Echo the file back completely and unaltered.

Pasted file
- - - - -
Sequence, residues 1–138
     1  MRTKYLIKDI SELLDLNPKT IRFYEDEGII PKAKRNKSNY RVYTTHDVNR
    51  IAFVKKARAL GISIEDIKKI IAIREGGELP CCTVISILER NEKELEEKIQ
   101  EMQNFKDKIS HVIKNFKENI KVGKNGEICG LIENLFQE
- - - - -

Sequence, residues 1–138
     1  MRTKYLIKDI SELLDLNPKT IRFYEDEGII PKAKRNKSNY RVYTTHDVNR
    51  IAFVKKARAL GISIEDIKKI IAIREGGELP CCTVISILER NEKELEEKIQ
   101  EMQNFKDKIS HVIKNFKENI KVGKNGEICG LIENLFQE